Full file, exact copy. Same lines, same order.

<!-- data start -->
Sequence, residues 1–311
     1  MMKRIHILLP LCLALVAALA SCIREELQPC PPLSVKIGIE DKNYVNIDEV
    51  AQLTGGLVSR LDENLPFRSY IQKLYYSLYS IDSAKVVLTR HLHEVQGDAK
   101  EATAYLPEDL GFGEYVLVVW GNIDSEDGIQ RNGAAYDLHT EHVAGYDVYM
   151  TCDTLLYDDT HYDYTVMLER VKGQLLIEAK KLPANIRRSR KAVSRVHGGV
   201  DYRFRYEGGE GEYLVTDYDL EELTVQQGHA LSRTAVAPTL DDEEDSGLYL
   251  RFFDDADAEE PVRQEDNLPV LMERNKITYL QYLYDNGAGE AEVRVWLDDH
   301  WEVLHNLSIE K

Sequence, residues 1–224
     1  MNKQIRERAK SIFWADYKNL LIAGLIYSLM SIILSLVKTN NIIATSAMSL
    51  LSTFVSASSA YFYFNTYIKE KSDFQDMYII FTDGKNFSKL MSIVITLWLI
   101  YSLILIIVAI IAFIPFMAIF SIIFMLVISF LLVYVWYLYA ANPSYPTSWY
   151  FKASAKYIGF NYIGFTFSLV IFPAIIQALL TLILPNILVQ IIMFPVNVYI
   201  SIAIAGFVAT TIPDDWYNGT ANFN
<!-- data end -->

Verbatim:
Sequence, residues 1–311
     1  MMKRIHILLP LCLALVAALA SCIREELQPC PPLSVKIGIE DKNYVNIDEV
    51  AQLTGGLVSR LDENLPFRSY IQKLYYSLYS IDSAKVVLTR HLHEVQGDAK
   101  EATAYLPEDL GFGEYVLVVW GNIDSEDGIQ RNGAAYDLHT EHVAGYDVYM
   151  TCDTLLYDDT HYDYTVMLER VKGQLLIEAK KLPANIRRSR KAVSRVHGGV
   201  DYRFRYEGGE GEYLVTDYDL EELTVQQGHA LSRTAVAPTL DDEEDSGLYL
   251  RFFDDADAEE PVRQEDNLPV LMERNKITYL QYLYDNGAGE AEVRVWLDDH
   301  WEVLHNLSIE K

Sequence, residues 1–224
     1  MNKQIRERAK SIFWADYKNL LIAGLIYSLM SIILSLVKTN NIIATSAMSL
    51  LSTFVSASSA YFYFNTYIKE KSDFQDMYII FTDGKNFSKL MSIVITLWLI
   101  YSLILIIVAI IAFIPFMAIF SIIFMLVISF LLVYVWYLYA ANPSYPTSWY
   151  FKASAKYIGF NYIGFTFSLV IFPAIIQALL TLILPNILVQ IIMFPVNVYI
   201  SIAIAGFVAT TIPDDWYNGT ANFN